living life yellow.
the ramblings of a girl with endometriosis
Pelvic pain sucks. There is so many muscles and nerves down there that sometimes, once the "problem," (@endometriosis) is "gone," you still suffer from pain! After having 3 surgeries last year, I (and my specialist) and pretty sure most the endo is out so we need to look at some other options, which is when I got referred to a gynaecological physio! Sounds kinda weird but you would have physio after any other injury or operation so why wouldn't you for your vag?
Before my appointment I was pretty nervous. I'm pretty used to having vagina chat to people but I was worried that things were going to get hands on, as physios tend too.
I brought Leo (my partner) along with me. I mainly did this so he can learn about what I'm meant to be doing, and make sure I actually do it, but I also wanted a support person with me. My physio was Julee Binns at Oxford Women's Health. First impression was she was super nice, and really chilled. My nervousness eased pretty quickly, which was great.
She first asked me what my main concerns were, which are:
She explained that when someone suffers from a painful condition that the muscles are pretty much always clenched, meaning the tightness and tension are at an all time high, and that's not doing you any favours. The muscles don't know how to relax and they are overworked, hence the pain.
Here's what Julee had to say/did to help me in my appointment as told by me.
Painful sex is a common symptom of endo. It can get made worse due to the tightening and tension of the muscles down there. She suggested using dilators, which I already have been using (read part 1 and part 2 of the dilators diaries here.) She said one of the best ways to use them is as a part of foreplay. Get your vag used to the feeling and to warm it up for some banging. She also checked that we were obviously using lube, which we do (coconut oil, oil based so don't use it with condoms if you don't want babies pls.) Julee also suggested we try lignocaine (can be prescribed by your doc,) which is a topical that you can apply down there to numb the outer area, to kinda take the edge of the initial pain to get you going.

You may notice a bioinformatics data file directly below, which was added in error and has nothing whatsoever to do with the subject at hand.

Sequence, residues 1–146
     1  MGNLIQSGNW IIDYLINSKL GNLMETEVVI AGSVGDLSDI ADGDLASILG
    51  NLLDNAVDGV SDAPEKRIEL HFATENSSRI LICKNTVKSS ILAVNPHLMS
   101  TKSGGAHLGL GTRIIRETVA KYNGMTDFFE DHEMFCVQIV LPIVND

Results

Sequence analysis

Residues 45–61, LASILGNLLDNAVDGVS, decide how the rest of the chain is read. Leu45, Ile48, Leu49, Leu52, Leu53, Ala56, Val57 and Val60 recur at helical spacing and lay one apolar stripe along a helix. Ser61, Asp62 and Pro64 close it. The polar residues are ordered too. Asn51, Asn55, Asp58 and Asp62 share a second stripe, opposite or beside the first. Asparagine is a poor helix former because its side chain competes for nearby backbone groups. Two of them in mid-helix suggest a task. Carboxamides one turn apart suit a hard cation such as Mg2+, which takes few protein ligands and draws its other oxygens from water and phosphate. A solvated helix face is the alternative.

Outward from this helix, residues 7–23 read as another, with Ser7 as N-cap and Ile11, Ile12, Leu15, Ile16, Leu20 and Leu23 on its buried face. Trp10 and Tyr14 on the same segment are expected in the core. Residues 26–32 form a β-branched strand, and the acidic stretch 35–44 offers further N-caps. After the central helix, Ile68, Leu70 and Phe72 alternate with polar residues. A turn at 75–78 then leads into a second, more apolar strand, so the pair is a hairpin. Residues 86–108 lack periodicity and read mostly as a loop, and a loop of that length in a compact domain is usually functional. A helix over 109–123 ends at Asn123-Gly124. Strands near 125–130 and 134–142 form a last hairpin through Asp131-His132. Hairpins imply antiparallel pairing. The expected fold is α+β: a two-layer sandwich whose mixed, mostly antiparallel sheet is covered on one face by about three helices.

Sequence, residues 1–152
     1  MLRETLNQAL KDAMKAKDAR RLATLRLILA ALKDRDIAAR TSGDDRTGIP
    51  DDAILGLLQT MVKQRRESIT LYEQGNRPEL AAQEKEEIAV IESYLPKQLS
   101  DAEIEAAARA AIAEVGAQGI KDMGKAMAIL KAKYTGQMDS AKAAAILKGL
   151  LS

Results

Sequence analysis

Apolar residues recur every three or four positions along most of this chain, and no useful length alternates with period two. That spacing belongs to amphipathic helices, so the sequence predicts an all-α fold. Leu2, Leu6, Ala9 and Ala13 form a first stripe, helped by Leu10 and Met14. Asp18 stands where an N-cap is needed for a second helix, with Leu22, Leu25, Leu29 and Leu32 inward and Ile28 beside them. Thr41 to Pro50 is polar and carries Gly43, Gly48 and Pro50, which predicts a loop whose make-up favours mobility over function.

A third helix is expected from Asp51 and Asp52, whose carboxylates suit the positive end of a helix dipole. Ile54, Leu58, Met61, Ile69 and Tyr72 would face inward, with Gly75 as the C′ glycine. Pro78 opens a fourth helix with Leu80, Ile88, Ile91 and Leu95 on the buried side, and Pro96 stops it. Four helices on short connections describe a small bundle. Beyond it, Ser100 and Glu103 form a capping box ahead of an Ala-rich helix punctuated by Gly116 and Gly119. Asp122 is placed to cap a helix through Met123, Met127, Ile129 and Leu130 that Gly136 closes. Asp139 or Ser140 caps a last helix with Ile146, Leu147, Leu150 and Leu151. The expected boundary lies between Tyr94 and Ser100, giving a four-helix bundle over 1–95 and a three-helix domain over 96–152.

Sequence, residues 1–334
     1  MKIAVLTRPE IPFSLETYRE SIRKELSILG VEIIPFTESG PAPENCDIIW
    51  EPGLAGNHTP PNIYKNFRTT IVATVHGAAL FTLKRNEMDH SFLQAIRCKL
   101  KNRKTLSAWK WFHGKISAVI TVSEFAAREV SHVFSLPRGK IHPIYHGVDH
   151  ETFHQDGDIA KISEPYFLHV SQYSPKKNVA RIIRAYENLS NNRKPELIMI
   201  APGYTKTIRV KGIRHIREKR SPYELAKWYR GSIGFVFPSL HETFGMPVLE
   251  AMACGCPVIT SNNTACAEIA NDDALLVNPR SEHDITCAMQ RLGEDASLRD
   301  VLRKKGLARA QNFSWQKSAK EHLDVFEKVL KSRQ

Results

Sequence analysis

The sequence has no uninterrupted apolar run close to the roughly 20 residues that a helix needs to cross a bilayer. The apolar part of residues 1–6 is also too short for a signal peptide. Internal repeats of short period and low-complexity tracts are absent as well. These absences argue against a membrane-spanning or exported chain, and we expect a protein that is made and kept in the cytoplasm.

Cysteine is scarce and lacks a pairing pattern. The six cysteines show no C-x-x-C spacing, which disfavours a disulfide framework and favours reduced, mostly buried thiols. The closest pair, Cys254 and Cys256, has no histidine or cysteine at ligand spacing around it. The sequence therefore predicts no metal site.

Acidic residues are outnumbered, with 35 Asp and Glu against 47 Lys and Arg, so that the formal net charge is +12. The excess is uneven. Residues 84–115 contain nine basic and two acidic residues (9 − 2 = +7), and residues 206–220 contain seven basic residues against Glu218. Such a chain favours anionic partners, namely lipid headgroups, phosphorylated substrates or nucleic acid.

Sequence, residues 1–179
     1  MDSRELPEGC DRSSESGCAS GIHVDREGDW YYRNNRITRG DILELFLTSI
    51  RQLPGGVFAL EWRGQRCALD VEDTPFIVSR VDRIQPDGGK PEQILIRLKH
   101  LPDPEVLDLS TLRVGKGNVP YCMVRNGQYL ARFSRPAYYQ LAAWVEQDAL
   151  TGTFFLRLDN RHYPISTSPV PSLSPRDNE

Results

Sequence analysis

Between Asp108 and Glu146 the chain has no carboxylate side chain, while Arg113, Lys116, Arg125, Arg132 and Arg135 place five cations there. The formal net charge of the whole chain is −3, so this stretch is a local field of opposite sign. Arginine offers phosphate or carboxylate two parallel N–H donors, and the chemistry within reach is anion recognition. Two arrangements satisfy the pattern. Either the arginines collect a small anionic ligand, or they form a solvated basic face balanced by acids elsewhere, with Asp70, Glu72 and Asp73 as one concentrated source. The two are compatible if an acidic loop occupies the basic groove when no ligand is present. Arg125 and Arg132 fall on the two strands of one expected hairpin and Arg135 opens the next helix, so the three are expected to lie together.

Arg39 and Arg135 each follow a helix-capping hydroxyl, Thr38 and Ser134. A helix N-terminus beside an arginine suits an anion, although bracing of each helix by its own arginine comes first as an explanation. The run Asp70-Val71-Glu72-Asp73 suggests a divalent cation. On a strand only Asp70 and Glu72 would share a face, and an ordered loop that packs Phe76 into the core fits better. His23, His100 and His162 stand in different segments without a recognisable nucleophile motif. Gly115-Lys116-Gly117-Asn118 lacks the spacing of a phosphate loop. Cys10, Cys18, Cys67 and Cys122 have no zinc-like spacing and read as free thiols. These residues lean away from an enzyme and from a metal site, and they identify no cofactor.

General Pelvic Pain
So turns out I have a weird body. A lot of things are out of line due to the way I hold myself. My core/pelvis isn't very strong due to the constant pain, I tend to use my leg muscles to help hold me up, which is apparently wrong. After a wee feel around my hips and tummy, she came to a conclusion that my pelvis is actually twisted; again due to the muscles being so clenched, they contorted. She pulled out a weird looking belt (think pregnancy belt,) called a "Serola Pelvic Support Belt,' which will provide support around my pelvis, and keep it in line. By giving my pelvis support, it's going to take the extra work load off my legs, as I will hopefully start to feel able to use my pelvic muscles again!
It also turns out I haven't been breathing properly, which again, is common in those with chronic pain. Because the pain in my pelvis is usually quite sore, I don't breathe deeply, into my tummy like I'm meant too as it aggravates the pain. Instead, I just breathe short breaths from my chest which has caused my diaphragm to become super tight, which also doesn't help the pain (turns out everything in our bodies are connected... who knew!?) So now I have to practice breathing properly, into my my stomach as much as I can.
This is most likely caused by the tension and tightness in the muscles around it, and hopefully after a few sessions of physio, it will come right. When I was talking about how I need to pee like every 30 minutes and how it puts me off drinking as it just goes straight through me, she said something that surprised me. Sometimes when you aren't drinking enough fluid, it can irritate your bladder due to the high concentration, therefore making it sore and giving you the urgency to flush it out. Drink heaps of water guys; your bladder will thank you.
Overall the appointment was a success. She sent me away with just a little bit of homework (use dilators, wear belt, breathe properly and drink more water) which was great as I've often left physio appointments with a list of exercises and stretches to do, which I never actually do. Keeping it simple and realistic worked for me and I felt as if I had learnt a lot. The appointment was non invasive, which I was surprised about, but I suspect as the sessions continue, we will eventually get to a point where we will have to actually suss out where the actual problem lies.
I have my next appointment in 5 weeks, which gives me enough time to wear my belt and practice my breathing, to see if it makes a difference. Until then here's a video for a laugh.